Apple's promise to halt ebook price fixing in EU could benefit Amazon monopoly
The easing of price restrictions means that Amazon could continue to undercut retailers in Europe
By Karen Haslam | Macworld UK | Published: 15:25, 07 November 2012
In a move that could mean victory for Amazon, next month European Union regulators are expected to accept an offer from Apple that would allow retailers that compete with Apple's iBookstore to sell ebooks at lower prices, ending an antitrust probe into ebook pricing in Europe.
Apple is promising to ease price restrictions on publishers selling books on Amazon.
"It's certainly another win for Amazon. I have not seen the terms of the final settlement, but my initial reaction is that it places restrictions on what publishers can do, slowing them down just when they need to be more nimble," ebook publisher Smashwords founder Mark Coker told Reuters.
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In the US, Apple is still fighting the Department of Justice over claims that it colluded with publishers to fix ebook prices, however in Europe Apple agreed to settle the case back in April and offered to overhaul its pricing model for ebooks. A settlement was proposed in September in which Apple promised to terminate so-called agency agreements with publishers. In addition, they will allow retailers to set their own prices on titles for two years.
Price fixing settlement could be "bad news for Europe"
Apple's proposal means ditching the "Most favoured nation" clause from its contracts with publishers. The clause prevented publishers from selling books to other retailers at prices lower than those offered to Apple. The clause was intended to prevent Amazon from striking deals to continue undercutting other retailers.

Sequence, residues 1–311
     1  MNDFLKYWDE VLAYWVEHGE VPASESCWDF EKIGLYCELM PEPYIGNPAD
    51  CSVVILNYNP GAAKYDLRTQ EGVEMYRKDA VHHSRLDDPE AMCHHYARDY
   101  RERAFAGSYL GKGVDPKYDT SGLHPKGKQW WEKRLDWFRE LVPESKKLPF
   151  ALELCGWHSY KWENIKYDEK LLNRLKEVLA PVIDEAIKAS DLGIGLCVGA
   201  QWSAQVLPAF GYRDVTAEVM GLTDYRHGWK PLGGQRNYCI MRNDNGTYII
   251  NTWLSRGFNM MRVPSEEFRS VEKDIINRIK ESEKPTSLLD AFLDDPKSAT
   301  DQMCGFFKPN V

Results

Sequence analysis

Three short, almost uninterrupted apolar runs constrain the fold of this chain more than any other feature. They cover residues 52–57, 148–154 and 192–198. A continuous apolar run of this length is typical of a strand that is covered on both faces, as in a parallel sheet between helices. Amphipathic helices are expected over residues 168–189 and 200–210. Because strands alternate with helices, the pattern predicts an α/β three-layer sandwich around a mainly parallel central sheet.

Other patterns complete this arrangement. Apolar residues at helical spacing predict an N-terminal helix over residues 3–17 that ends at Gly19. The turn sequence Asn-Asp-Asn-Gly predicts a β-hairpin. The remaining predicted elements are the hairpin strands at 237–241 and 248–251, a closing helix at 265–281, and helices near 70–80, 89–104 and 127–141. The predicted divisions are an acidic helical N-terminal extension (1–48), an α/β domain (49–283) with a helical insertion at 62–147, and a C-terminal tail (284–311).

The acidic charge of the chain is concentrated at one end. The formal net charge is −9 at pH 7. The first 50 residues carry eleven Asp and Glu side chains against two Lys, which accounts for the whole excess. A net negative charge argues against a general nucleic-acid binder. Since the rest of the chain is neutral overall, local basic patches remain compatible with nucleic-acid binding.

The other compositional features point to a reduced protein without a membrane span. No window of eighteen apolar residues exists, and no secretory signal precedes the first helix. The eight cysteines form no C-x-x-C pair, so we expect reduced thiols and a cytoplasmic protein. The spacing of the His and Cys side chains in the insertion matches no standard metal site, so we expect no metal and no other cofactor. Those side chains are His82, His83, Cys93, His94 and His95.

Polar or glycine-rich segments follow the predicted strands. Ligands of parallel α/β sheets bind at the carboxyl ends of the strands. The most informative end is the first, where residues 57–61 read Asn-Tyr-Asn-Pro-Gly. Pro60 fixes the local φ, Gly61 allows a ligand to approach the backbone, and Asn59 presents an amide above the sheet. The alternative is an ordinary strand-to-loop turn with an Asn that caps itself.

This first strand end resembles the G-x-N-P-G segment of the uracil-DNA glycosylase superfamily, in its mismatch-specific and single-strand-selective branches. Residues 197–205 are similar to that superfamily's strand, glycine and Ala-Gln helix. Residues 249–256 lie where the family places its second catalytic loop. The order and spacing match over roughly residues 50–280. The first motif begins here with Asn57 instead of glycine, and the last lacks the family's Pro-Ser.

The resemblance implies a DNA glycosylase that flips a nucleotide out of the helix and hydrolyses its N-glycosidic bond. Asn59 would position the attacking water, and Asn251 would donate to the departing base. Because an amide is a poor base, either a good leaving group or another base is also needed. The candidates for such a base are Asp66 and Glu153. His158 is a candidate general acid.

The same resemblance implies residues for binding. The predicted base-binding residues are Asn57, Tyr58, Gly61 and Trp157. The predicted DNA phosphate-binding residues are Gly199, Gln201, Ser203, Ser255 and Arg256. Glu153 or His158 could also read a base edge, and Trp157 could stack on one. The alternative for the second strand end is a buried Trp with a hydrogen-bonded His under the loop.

The European Union antitrust regulators began its investigation of Apple and various publishers back in December 2011. According to the European Commission, the investigation would examine whether the publishers were: "With the help of Apple, engaged in anti-competitive practices affecting the sale of ebooks in the European Economic Area, in breach of EU antitrust rules."
Over in the States, in a similar case, the DOJ is claiming that Apple and a number of book publishers have conspired to fix ebook prices and therefore caused "unmistakable consumer harm". However, rather than accept the charge as it has in Europe, Apple claims that the Department of Justice has sided with a monopoly (Amazon) rather than competition. Apple, along with a handful of publishers, has refused to settle.
Retailers must break even selling ebooks
In the US, some publishers have settled. This settlement required that retailers must at least break even selling all ebooks from a publisher's available list. This could mean that a reseller could sell popular books at a loss as long as they sold other books from a publisher at a higher price.
"It was not clear if EU regulators will include a similar requirement, which would prohibit Amazon from pricing all ebooks at a loss", O'Reilly Media publisher Joe Wikert told Reuters.
Coker told Reuters that such a rule could be dangerous in Europe: "It could allow a single retailer to charge full price in a large market like the UK, and then sell below cost or for free in multiple smaller markets as a strategy to kill regional ebook retailing upstarts before they take root," he said.